In order to make money laundering more difficult, the Commission for Economic Affairs (CAE), on Tuesday (24), approved a draft that prohibits cash transactions in four different forms: operations of more than 10 thousand Brazilian reais, and payment of bank coupons higher than the Brazilian real. 5,000 riyals (and more than 10,000 riyals for non-residents of the country); Trading above R$100 thousand (excluding transfers by value companies), and possession of more than R$300 thousand, except for specific cases.
PL 3.951/2019, by Senator Flávio Arns (Podemos-PR), received a favorable opinion of the Rapporteur, Senator Alessandro Vieira (Cidadania-SE), with an amendment by Senator Oriovisto Guimarães (Podemos-PR) which also prohibits the use of cash in Real estate transactions. According to Oriofesto, this type of operation is routinely used to hide unexplained assets or launder illegally obtained money.
“The project has a clear objective, which is to reduce opportunities for money laundering and corruption,” Alessandro noted.
The proposal is now referred to the Committee on Constitution, Justice and Citizenship (CCJ), for a final decision – through which it can be referred to the Chamber for analysis.
The text has been drafted based on the new anti-corruption measures, authored by Fundação Getúlio Vargas (FGV) Law Professor Michael Mohallem. According to Arens, the goal of the project is to prevent crimes of laundering or concealing goods and valuables, as well as the use of economic systems to engage in illegal activities.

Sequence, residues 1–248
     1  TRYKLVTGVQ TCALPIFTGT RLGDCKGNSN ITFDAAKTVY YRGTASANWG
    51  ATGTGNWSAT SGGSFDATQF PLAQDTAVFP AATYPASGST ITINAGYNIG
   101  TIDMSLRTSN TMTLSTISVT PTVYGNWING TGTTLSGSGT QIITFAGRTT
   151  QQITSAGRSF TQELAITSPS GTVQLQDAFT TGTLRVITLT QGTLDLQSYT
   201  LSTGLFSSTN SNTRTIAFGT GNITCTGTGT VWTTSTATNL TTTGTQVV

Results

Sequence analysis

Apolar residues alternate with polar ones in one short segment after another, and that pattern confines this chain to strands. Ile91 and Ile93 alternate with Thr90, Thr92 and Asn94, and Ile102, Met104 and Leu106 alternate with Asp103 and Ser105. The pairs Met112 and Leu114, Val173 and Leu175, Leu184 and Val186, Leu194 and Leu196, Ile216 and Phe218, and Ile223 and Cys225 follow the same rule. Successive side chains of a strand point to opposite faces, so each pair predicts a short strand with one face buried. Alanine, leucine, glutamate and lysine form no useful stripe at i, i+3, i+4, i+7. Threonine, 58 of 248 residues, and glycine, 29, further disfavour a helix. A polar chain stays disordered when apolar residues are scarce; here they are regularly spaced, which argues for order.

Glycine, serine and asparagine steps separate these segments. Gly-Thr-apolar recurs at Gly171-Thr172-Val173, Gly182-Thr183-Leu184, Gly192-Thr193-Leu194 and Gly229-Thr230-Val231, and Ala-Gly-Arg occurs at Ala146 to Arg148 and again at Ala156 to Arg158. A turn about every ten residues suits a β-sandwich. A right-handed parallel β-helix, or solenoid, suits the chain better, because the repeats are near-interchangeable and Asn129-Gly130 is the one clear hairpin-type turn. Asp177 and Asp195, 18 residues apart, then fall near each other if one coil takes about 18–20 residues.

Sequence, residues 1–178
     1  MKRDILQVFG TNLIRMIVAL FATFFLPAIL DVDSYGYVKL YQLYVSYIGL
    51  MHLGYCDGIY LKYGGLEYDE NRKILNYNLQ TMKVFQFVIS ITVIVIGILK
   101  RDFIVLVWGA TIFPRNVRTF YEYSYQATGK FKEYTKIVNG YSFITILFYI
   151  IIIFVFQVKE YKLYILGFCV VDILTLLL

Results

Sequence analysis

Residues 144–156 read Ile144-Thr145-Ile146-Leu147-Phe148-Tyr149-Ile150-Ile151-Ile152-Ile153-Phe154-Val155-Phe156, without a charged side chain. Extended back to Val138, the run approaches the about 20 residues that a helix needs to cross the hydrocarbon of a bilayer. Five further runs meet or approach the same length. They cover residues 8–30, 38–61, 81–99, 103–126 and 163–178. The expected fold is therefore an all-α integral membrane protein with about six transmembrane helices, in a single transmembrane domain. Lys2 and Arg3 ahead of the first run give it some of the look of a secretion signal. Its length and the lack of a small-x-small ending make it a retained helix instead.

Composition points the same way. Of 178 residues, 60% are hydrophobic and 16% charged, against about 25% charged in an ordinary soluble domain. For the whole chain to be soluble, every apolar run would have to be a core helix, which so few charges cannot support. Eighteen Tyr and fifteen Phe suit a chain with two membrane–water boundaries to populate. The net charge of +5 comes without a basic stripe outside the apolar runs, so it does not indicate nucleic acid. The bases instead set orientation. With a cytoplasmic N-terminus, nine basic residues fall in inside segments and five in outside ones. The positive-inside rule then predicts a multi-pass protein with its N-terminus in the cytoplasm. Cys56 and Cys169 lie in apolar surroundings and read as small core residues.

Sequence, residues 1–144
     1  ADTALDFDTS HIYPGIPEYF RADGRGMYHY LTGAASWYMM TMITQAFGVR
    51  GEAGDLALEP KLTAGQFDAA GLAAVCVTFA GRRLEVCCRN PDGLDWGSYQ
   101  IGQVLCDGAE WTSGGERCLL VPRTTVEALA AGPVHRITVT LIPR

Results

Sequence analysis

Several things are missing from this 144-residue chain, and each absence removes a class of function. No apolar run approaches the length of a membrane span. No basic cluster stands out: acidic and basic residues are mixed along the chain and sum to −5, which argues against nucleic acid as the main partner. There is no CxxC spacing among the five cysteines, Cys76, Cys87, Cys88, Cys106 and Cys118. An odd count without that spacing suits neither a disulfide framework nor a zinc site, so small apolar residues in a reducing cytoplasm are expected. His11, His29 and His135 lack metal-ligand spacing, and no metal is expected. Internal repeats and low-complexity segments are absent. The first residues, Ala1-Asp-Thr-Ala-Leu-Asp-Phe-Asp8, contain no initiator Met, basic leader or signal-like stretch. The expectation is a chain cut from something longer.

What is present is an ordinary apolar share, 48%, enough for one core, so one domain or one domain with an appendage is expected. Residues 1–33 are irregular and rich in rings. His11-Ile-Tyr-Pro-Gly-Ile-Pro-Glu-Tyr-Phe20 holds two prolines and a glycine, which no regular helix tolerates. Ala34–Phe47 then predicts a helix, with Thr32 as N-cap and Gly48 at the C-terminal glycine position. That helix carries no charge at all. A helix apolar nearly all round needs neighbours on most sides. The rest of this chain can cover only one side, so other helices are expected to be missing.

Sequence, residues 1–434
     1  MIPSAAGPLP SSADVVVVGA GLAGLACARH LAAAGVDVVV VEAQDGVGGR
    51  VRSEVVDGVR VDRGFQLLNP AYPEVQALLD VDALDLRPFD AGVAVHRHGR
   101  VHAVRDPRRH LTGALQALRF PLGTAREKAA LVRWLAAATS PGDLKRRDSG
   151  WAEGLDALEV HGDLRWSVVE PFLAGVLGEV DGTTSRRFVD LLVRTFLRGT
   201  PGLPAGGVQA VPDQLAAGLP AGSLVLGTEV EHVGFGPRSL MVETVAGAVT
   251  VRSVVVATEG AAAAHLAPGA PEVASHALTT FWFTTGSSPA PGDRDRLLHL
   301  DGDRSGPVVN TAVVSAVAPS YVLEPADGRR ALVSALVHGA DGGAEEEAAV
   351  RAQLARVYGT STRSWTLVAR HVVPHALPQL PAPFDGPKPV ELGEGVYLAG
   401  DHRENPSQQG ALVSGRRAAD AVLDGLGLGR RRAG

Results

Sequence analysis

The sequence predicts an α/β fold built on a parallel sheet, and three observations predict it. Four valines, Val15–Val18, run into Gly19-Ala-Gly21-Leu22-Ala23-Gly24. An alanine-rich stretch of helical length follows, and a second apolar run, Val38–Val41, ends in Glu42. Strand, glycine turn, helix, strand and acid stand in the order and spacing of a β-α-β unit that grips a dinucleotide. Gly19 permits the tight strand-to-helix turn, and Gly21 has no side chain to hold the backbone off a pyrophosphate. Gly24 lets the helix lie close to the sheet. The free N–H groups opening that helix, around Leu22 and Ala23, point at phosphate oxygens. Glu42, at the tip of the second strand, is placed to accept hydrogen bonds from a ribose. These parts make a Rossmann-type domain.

In justifying the project, Arens explained that the transfer of cash “facilitates the laundering of resources in corrupt activities, facilitates tax evasion, as well as provides opportunities for crimes such as bank robberies, and ATM robberies, among others.”
He adds that similar measures have already been implemented by many countries, citing, for example, the United States, where financial institutions are required to report all cash transactions over $10,000 to a center supervised by the Financial Intelligence Unit (FIU).
Similarly, Canada and Australia, for example Arns, “require cash transactions of $10,000 or more to be reported. In Europe, countries such as Portugal, Italy, Greece and Belgium have implemented measures that enforce reporting of transactions and place restrictions on the use of cash.”
For Alessandro Vieira, Brazil already has similar legislation. This is Federal Revenue Guideline 1761, of 2017, which requires cash transactions to be reported in transactions over R$30,000, including donations.
In addition, according to Central Bank Circular No. 3839 of 2017, customers who wish to make a cash deposit, cash withdrawal or cash withdrawal by means of a prepaid card, in an amount equal to or greater than 50 thousand, must inform their intentions and report the data to the respective banks. , which must send this information to the Financial Intelligence Unit (UIF), formerly known as (Coaf),” he added in his report to the chief audit executive.
However, according to the decision, “legislative work is urgently required, in order to facilitate the work of the Public Prosecution Office and prevent the occurrence of various crimes through the use of huge sums of money.”
In Alessandro Vieira’s view, the Brazilian banking system is qualified, and among the most developed in the world, in a position to allow financial transactions to be carried out without the need to carry cash, thus making it easier for the authorities to track any movement of financial matters. In addition, he asserts, “the implementation of the procedures will be very low cost.”
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